Much [ some would say all ] of economics as a discipline or field of study is based on assumptions or hypotheses. At various stages and at different levels throughout the study of economics we make assumptions in order to reach useful or useable conclusions. For instance in order to analyse price movements in a specific commodity an economist might assume that price movements with respect to such commodity do not affect the price of any other commodity. On this assumption, a rise in the price of, say, tea will not affect the price of coffee. However in reality this will almost certainly not be the case. If the price of tea rises, then we would expect that people will buy less tea but will look for a substitute beverage such as coffee. As more people want to buy coffee we would expect the price of coffee to begin to rise also. Note that this analysis reveals an underlying assumption, viz that if the price of a good rises then people will buy less [and produce more] of it. However this in turn reveals an even further underlying assumption viz. that people will act rationally by choosing to buy less of a good as its price rises. The assumption of rationality is a primary assumption in economics.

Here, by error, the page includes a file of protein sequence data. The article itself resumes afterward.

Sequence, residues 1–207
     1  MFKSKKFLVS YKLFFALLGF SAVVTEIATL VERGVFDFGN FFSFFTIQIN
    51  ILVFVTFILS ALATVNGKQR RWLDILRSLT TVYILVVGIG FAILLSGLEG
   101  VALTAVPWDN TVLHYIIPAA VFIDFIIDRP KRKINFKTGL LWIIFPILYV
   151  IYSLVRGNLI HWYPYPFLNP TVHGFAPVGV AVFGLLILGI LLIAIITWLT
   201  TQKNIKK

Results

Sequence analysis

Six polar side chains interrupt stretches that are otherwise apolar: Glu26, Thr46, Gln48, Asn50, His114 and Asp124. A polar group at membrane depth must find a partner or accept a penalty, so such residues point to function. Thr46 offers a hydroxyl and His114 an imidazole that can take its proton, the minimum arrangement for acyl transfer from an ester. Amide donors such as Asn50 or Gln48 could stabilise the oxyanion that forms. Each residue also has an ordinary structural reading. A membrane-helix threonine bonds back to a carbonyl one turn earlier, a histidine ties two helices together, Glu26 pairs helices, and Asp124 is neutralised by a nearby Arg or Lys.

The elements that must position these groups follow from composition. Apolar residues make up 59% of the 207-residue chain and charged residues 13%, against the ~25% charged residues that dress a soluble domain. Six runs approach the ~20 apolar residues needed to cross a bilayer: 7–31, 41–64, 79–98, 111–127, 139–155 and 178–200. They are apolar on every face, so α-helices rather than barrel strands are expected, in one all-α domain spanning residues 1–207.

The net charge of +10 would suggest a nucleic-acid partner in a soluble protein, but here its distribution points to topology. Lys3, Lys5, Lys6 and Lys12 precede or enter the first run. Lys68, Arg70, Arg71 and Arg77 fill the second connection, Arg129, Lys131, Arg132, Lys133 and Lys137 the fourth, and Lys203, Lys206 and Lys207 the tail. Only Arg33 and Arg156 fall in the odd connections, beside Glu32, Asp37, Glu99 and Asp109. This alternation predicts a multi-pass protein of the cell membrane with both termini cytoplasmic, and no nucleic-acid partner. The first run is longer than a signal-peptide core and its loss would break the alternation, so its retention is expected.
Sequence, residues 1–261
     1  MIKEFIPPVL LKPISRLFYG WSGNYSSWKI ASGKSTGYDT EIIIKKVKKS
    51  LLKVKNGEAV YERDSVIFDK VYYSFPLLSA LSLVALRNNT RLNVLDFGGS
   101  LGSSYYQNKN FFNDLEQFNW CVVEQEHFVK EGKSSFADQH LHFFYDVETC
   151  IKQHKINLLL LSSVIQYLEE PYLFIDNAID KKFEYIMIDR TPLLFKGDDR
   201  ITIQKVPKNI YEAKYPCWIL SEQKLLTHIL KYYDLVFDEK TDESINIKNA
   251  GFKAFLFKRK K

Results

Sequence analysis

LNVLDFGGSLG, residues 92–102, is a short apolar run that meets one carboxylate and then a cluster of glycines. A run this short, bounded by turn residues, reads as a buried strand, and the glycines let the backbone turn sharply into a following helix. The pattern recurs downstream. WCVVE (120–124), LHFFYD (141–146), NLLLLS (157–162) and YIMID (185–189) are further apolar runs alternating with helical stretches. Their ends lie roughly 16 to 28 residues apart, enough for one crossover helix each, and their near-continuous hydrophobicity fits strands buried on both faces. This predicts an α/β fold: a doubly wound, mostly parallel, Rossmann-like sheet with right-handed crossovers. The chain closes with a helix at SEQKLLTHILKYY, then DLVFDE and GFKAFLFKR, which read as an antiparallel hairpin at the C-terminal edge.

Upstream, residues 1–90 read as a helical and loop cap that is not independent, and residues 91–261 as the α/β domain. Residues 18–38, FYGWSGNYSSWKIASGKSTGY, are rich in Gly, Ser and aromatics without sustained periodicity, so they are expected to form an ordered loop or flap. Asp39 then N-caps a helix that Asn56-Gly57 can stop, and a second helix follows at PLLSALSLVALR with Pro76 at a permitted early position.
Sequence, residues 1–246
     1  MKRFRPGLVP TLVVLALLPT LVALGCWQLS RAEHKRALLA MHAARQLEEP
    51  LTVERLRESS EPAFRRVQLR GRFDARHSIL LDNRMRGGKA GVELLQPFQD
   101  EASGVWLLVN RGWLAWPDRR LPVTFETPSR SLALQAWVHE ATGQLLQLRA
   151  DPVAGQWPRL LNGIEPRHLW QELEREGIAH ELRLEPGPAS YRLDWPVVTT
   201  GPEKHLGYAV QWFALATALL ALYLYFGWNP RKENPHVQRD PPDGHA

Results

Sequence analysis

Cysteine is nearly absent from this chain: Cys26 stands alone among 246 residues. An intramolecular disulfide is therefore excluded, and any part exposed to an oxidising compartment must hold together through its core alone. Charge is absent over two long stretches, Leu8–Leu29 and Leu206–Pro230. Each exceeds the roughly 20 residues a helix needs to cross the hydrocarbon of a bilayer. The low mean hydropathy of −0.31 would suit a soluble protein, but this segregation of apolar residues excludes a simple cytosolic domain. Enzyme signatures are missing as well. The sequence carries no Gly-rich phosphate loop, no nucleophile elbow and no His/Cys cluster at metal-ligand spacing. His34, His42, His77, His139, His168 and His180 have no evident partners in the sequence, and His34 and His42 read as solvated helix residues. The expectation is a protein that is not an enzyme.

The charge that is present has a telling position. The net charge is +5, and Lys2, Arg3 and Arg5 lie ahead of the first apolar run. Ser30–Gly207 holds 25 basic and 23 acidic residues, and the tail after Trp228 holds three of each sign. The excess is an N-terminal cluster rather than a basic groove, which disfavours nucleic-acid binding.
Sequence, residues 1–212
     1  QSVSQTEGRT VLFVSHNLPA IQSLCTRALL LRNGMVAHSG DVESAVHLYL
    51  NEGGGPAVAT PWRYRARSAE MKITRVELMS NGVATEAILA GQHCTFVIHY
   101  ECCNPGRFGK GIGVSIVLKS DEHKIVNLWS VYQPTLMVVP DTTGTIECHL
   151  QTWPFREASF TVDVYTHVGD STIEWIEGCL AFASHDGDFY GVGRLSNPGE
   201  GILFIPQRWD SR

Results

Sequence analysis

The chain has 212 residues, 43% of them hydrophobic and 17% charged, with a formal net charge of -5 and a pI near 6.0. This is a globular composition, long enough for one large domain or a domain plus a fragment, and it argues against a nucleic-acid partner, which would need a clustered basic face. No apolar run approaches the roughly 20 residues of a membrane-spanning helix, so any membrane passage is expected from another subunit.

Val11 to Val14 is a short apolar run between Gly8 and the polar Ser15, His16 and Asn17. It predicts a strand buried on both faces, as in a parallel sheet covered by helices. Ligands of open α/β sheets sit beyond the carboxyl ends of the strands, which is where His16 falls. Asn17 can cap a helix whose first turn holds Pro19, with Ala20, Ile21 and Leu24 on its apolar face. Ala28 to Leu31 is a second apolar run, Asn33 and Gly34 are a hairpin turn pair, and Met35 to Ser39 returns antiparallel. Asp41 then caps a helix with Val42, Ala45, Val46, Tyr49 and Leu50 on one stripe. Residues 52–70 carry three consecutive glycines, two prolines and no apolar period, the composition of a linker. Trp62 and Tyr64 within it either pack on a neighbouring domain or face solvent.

Economics makes use of a number of primary assumptions. However not all schools of economics accept or use the same primary assumptions. It is largely the differences in such primary assumptions which distinguish one school of economics from another, although there are some core assumptions which all or virtually all accept. That humans act rationally is one such generally accepted assumption. [We know of course that this is not always true and there are schools of economics which seek to accommodate this.] Others are the existence of the dimension of time and that events have causes. We should also bear in mind that virtually every primary assumption is in fact subject to challenge. Psychologists, physicists, philosophers and so forth at various times challenge the truth of all such primary assumptions. Generally speaking this should not unduly concern us, any more than acknowledging for instance that it is conceivable that tomorrow the sun might rise in the west.